Getting Serious

by | Jul 8, 2013 | Branding, Marketing, Social/Professional Networking

facebook-voIn the last couple of weeks, I’ve seen an exponential number of new requests to be in my FaceBook Group “Voice-Over Friends“.  As far as I can tell, there’s no accounting for it.  Terry Daniel, who administers “Voice-Over Pros” is seeing the same thing.  We’ve discussed it, and can’t figure out why the sudden interest.

For instance, I took a bit of a sabbatical from all-things-virtual over a 4-day 4th of July weekend, and in that time 55 new people requested entry into Voice-Over Friends.  I’m not going to waste your time or my time in offering theories for this…I’m just trying to keep my mission clear:  the only people that should be in this group are those who are serious about voice-overs.  There might be some newbies…certainly plenty of working full-time or part-time professionals.  I also accept audio engineers, producers, agents, casting agents, booking agents, directors, coaches, audio editors, and audiobook publishers.  In short… to get in the group, your FB profile should reflect that “serious” attitude about being in the business of voice-acting, or at least serious about being in an adjacent (supporting or attending) role.

Managing the Group

Terry and I both are diligent in our role as administrator.  We want to keep our groups “pure”, so-to-speak.  Nothing would be worse than to usurp the basic nature of such a private group by allowing non voice-actors to muddy the waters.  I’ve deleted posts, eliminated members, and reprimanded others who I think are not contributing to the heart of the group.

Here’s the thing, though…you’d be surprised how many people requesting entry show nothing….NOTHING…in their FaceBook profile that remotely reflects any association with voice-acting at all.

Sometimes, however, I’ll go digging even deeper, seeing that they have quite a few friends in the group.  Sure enough, I’ll find a link to a webpage that shows they are probably a working voice-actor, complete with demos and everything.  Don’t you find something intrinsically wrong with that?  If you truly are serious about voice-acting, don’t you think those keywords should appear somewhere in your profile?  Voice-Actor, voice-overs, voiceovers, etc?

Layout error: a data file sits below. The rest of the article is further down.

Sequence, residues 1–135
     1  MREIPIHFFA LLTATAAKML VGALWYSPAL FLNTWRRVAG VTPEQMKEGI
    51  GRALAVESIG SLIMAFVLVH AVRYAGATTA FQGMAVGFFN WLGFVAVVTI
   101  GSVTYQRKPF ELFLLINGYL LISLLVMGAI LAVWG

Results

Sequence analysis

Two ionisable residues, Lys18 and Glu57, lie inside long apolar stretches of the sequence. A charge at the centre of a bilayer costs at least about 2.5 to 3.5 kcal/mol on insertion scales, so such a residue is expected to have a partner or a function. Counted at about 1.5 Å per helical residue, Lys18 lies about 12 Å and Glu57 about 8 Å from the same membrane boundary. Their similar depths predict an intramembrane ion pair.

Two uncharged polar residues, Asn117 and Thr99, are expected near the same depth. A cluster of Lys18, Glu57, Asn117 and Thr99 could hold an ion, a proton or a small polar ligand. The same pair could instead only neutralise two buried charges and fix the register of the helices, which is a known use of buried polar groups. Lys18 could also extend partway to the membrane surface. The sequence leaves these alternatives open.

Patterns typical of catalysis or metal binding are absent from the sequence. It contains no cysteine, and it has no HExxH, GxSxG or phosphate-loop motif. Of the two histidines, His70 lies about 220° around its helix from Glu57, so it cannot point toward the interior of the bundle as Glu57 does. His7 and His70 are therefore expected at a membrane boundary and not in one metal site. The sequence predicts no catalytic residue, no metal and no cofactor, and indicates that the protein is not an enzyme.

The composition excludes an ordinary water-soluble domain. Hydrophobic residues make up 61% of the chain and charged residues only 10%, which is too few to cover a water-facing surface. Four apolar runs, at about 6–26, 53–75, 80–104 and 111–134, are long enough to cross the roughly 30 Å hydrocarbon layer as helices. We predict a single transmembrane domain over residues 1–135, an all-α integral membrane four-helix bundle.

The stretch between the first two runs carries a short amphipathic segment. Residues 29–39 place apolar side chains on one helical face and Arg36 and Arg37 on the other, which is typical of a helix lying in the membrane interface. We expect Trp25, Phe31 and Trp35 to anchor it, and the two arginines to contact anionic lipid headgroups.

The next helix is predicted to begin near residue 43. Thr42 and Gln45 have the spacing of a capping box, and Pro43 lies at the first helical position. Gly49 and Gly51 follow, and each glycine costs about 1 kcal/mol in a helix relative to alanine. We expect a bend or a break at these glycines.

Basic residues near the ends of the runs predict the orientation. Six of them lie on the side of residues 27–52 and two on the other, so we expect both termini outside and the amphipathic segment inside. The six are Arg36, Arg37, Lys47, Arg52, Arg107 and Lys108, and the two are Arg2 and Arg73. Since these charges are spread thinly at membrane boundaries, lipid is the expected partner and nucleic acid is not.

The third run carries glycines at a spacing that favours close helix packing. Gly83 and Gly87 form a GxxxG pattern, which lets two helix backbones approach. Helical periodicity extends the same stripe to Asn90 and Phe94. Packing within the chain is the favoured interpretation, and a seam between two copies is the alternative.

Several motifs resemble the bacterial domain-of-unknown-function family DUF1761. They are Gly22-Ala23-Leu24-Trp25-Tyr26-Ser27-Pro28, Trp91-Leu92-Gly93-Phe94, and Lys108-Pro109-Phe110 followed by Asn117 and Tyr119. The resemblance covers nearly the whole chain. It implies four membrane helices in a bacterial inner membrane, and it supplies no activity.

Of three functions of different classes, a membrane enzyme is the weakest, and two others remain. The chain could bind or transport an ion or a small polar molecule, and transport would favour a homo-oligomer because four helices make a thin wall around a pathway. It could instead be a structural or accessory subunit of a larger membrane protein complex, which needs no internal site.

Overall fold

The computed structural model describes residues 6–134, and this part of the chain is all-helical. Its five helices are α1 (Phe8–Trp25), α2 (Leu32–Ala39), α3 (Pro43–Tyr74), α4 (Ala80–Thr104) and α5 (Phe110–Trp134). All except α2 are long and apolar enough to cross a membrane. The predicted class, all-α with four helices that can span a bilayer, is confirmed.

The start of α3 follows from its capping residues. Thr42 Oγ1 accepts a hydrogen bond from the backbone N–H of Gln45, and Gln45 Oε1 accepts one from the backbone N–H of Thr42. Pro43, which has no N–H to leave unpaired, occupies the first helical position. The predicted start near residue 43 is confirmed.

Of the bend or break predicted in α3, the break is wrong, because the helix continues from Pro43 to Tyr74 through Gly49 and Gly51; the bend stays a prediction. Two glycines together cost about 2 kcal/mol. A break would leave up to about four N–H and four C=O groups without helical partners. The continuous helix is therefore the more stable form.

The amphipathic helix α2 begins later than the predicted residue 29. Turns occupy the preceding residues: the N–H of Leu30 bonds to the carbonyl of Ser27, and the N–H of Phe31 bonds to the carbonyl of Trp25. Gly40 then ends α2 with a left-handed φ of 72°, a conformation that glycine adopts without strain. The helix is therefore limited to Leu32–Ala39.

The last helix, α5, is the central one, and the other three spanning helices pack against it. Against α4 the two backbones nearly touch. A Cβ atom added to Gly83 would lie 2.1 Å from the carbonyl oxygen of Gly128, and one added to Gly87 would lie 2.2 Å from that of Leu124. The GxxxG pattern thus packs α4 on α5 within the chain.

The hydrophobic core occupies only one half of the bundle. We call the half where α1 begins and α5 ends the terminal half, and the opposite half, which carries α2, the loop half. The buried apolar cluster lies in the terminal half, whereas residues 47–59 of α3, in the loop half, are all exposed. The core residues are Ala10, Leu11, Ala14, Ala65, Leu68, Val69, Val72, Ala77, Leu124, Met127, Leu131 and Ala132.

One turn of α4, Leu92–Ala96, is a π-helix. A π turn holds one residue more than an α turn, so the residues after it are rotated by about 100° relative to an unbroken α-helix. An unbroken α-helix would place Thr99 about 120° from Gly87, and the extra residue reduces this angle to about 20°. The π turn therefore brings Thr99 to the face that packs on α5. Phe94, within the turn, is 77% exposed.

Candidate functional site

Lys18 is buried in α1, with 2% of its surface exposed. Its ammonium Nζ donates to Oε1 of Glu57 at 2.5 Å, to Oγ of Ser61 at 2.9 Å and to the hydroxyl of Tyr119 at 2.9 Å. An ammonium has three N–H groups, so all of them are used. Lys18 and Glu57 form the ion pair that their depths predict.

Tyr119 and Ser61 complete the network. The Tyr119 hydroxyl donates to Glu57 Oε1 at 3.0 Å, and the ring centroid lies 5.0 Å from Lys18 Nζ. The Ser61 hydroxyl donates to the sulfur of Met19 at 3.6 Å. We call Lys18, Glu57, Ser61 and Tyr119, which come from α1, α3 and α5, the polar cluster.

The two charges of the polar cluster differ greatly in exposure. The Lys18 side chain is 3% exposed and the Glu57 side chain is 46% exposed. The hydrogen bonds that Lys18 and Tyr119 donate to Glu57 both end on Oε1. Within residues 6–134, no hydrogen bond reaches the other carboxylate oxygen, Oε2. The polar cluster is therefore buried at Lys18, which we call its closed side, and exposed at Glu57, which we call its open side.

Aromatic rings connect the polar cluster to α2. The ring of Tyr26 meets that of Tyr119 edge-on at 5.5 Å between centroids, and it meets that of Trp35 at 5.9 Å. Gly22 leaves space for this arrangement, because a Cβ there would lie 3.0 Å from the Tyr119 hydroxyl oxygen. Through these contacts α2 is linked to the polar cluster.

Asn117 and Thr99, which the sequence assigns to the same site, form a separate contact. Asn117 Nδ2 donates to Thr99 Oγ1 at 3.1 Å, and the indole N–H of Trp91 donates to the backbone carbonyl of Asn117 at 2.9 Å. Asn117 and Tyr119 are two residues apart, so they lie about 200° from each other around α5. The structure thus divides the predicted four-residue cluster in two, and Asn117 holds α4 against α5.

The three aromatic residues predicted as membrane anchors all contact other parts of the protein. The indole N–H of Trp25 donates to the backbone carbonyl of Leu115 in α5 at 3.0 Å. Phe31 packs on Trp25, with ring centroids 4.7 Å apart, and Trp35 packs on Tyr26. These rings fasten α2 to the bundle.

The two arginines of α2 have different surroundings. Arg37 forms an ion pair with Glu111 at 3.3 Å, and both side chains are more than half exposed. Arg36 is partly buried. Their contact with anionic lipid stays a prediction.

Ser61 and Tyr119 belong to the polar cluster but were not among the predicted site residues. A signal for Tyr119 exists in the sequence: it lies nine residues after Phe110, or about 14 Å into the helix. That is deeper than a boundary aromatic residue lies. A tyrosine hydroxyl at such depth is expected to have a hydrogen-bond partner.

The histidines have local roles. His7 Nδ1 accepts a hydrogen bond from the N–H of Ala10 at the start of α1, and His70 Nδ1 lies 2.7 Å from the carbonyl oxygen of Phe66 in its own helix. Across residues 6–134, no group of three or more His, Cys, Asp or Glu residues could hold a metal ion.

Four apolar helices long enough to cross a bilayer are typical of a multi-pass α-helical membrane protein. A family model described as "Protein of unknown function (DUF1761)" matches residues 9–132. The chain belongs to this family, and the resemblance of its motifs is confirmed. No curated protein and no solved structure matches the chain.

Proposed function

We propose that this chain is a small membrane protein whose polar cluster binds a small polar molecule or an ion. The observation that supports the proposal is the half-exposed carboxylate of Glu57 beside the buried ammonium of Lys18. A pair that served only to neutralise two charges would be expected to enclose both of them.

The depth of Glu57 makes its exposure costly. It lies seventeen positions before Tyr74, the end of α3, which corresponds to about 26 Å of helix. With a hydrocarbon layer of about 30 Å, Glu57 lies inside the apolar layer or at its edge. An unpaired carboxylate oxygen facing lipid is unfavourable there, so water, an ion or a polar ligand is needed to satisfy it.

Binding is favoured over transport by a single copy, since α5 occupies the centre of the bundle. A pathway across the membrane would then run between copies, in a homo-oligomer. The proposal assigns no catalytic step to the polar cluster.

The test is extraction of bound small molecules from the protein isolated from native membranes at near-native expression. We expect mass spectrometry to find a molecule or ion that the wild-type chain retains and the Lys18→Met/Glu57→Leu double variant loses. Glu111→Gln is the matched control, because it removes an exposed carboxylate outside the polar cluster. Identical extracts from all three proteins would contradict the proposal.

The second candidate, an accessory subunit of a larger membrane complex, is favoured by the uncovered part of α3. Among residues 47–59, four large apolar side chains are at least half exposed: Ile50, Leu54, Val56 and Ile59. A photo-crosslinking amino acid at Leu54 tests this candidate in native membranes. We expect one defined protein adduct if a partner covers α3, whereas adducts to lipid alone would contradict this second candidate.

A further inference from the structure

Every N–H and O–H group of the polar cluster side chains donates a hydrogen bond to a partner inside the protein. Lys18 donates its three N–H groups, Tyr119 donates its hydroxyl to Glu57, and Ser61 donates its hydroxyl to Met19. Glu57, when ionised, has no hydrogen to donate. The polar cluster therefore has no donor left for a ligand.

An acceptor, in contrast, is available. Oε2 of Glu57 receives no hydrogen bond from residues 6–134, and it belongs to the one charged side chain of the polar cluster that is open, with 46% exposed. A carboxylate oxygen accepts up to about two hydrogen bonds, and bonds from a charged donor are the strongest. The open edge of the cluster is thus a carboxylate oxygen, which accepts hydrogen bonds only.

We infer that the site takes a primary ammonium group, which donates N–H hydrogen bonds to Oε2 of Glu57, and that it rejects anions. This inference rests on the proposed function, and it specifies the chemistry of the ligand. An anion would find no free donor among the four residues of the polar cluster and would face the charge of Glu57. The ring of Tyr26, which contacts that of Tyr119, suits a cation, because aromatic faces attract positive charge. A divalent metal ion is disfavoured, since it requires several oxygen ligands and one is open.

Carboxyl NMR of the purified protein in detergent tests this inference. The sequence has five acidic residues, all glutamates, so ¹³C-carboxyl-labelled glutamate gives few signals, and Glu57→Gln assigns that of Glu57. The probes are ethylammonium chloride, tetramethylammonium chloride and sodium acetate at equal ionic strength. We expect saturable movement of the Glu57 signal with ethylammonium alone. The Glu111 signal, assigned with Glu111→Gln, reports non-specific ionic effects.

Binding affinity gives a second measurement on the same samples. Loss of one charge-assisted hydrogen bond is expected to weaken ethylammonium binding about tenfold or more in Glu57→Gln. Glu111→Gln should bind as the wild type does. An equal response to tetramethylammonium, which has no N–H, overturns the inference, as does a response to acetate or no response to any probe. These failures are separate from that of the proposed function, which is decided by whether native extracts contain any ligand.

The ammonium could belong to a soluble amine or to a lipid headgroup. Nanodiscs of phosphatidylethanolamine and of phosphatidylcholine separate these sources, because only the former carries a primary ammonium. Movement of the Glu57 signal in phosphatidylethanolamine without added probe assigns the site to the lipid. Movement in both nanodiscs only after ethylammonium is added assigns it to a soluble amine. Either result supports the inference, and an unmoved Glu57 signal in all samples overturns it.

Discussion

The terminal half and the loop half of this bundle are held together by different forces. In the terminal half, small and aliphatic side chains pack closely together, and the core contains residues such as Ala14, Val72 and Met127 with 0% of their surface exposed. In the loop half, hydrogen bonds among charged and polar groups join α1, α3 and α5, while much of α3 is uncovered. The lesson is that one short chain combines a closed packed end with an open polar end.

So here’s what I’ve had to resort to doing to manage the sheer number of applicants:  I hover my mouse over the name of the person requesting entry.  If their pop-up profile description doesn’t mention anything remotely related to voice overs, then my decision about their entry is a big “NO”.  The only thing that might make me hesitate is if their profile reflects a high number of friends already in the group.  If so, I’ll waste an extra minute or so digging.  But the point is…I shouldn’t have to!

Be Present

If you are hoping to use FaceBook (or social media in general) to raise awareness on the internet of your role as a voice-actor, then every profile you complete in every social network you’re on should mention voice overs.  Period.  Even if it’s your personal page.  Voice over is what you do, and who you are.  This is the first place prospective clients will look if they’re using social media to screen new voice actors, and believe me, more and more clients are doing just that.

Do You Qualify?

A side note:  much is being written lately about criteria, screening, passing muster, qualifying, accrediting, certifying and making the grade as a voice-actor.  It’s come up in, FaffCon, SAG-AFTRA, talent agencies, and certain pay-to-play sites.  This is a HUGE nut to crack, and I’m not going to do it here and now.  By comparison, I’m using a relatively lightweight measuring stick on FaceBook.  All I’m expecting to see is a mention of a keyword like “voice over” in your FB profile.  I’m sorry… but if you can’t express something that simple on your personal FaceBook page, your dedication to voice acting is suspect in my book…you’re just not “serious” about it…even on something as frivolous as FaceBook.  ESPECIALLY on something as frivolous as FaceBook!




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